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December 21st, 2013

When Judges Overturn the Will of the People

In the past week Utahns have produced a cacophony of emotions, with elation on one side and wailing and gnashing of teeth on the other. This rollercoaster of reaction was sparked by a pair of opinions issued from federal judges in Utah relating to marriage. In response to both, many critics have cried out that the judges overturned, and thus violated, the will of the people of Utah.

Let’s see if this is true.

The first ruling, Brown v. Buhman, was issued last week by Judge Waddoups in response to a lawsuit over Utah’s bigamy statute. While most bigamy statutes around the country aim to prevent fraud by prohibiting a person from marrying more than one spouse, Utah’s goes a step further by banning cohabitation with a person other than one’s spouse. This clause was introduced specifically to target polygamists, and was declared unconstitutional by the judge. Asked for comment on the ruling, Utah Governor Gary Herbert summarized a popular criticism of the ruling in saying:

I’m always a little concerned when we have decisions that change public policy by the courts. I’d much rather see decisions on social issues come from our Legislature representing the will of the people.

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December 12th, 2013

Selling Our Birthright For a Mess of Pottage

The following is an op-ed I had published in today’s Standard Examiner.

If you remember your Bible stories, you’ll recall Esau and Jacob, the twin sons of Isaac and grandsons of Abraham. By being born first, Esau was the legal heir to the birthright, set to preside over the family and receive a double inheritance from his father. Surprisingly, he exchanged this prized status for a mess of pottage—giving up something profoundly important to satisfy a momentary desire.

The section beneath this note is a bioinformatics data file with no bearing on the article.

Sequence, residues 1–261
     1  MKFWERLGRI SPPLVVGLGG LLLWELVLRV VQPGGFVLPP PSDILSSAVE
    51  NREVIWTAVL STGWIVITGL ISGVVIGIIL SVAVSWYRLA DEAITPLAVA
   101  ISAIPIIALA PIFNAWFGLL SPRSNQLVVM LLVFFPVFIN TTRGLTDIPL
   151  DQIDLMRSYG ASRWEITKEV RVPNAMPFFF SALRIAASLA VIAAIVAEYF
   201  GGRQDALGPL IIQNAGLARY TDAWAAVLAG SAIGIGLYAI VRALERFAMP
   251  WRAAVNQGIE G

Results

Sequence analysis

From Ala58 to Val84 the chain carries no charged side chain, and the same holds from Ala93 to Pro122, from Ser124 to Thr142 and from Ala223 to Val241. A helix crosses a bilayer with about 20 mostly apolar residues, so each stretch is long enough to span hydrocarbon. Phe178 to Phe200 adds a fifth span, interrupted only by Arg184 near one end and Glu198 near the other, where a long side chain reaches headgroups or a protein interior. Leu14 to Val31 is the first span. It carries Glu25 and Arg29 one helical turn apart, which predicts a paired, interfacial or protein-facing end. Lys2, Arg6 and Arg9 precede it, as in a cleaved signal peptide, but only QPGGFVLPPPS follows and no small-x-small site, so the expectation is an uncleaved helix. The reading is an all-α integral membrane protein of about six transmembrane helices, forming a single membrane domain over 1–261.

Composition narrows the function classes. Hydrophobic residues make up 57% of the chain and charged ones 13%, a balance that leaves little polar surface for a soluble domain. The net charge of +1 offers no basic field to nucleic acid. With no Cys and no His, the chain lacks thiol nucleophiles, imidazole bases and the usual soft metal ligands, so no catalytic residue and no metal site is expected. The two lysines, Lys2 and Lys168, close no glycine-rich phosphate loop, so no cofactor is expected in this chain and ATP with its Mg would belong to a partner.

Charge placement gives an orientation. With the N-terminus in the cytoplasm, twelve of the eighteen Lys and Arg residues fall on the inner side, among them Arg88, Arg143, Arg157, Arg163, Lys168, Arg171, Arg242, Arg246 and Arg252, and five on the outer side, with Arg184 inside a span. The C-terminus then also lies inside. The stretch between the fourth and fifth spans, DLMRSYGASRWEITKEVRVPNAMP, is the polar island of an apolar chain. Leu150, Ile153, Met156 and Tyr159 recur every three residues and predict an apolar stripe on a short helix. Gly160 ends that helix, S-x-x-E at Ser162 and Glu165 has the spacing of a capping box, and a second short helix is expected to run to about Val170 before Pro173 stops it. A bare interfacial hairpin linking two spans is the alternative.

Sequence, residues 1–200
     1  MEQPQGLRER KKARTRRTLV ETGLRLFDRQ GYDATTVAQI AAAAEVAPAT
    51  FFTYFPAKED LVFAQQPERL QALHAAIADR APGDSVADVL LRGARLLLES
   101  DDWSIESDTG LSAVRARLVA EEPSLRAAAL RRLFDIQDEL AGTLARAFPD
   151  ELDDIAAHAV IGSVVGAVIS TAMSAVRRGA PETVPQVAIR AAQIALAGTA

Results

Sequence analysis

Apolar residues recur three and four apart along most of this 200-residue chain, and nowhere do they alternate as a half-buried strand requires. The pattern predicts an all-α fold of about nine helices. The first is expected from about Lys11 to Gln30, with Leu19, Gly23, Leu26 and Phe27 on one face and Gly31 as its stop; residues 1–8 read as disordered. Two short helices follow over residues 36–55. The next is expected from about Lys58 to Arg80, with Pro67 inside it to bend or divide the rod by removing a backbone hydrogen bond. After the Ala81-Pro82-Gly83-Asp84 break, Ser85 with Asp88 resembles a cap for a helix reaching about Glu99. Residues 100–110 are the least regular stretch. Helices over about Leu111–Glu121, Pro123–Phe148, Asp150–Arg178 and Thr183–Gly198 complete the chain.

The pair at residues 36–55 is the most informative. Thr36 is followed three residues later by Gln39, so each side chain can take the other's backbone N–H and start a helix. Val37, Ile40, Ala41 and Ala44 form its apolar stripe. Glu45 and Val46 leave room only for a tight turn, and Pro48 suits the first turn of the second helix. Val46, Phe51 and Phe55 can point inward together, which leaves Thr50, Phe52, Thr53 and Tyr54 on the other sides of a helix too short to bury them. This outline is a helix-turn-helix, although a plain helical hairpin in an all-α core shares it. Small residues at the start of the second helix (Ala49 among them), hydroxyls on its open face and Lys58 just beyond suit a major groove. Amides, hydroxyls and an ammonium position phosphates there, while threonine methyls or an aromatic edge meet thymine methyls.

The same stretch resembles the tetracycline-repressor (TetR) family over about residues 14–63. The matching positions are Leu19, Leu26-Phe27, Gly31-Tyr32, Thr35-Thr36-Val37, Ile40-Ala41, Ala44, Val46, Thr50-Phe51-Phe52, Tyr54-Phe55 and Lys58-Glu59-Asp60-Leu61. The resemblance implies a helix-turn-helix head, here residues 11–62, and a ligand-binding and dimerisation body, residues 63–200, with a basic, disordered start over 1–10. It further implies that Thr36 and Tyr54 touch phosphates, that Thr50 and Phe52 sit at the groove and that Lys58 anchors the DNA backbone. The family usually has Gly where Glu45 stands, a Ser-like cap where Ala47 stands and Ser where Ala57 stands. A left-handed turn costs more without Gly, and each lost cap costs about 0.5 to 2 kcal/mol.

Of course, the fulfillment of a fleeting need for food was temporary, and Esau would once again be hungry at a later time. Perhaps for this reason—by abandoning his birthright in favor of something so ephemeral—we read that Esau “despised his birthright,” obviously placing little value on it.

Many politicians follow in Esau’s footsteps.

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December 10th, 2013

What the New Statement on Blacks and the Priesthood Means to Me

You’ve heard about it by now, I’m sure—the LDS Church’s new explanation on the previous ban that existed for African members of the church preventing them from holding the priesthood and participating in certain ordinances in the temple. Though not accompanied by the signature of any general authority, nor being read in general conference or over the pulpit, the commentary (expounding on a previous statement) nevertheless has the gravitas of an official statement by being published on the church’s website under its “Gospel Topics” study section. It is meant to clarify history and contextualize a controversy.

A couple things stand out to me in this article. While noting the church’s embrace of “the universal human family” and that God is “no respecter of persons,” regardless of their race, the text explains that the church’s establishment in 1830 came “during an era of great racial division in the United States.” This repugnant reality “influenced all aspects of people’s lives, including their religion.”

“People” includes, of course, members and leaders of the fledgling church. While Joseph Smith supported abolition and ordained black men to the priesthood, other “Mormons” both then and since did let the color of one’s skin affect their religious views and actions.

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November 24th, 2013

On Appealing to Authority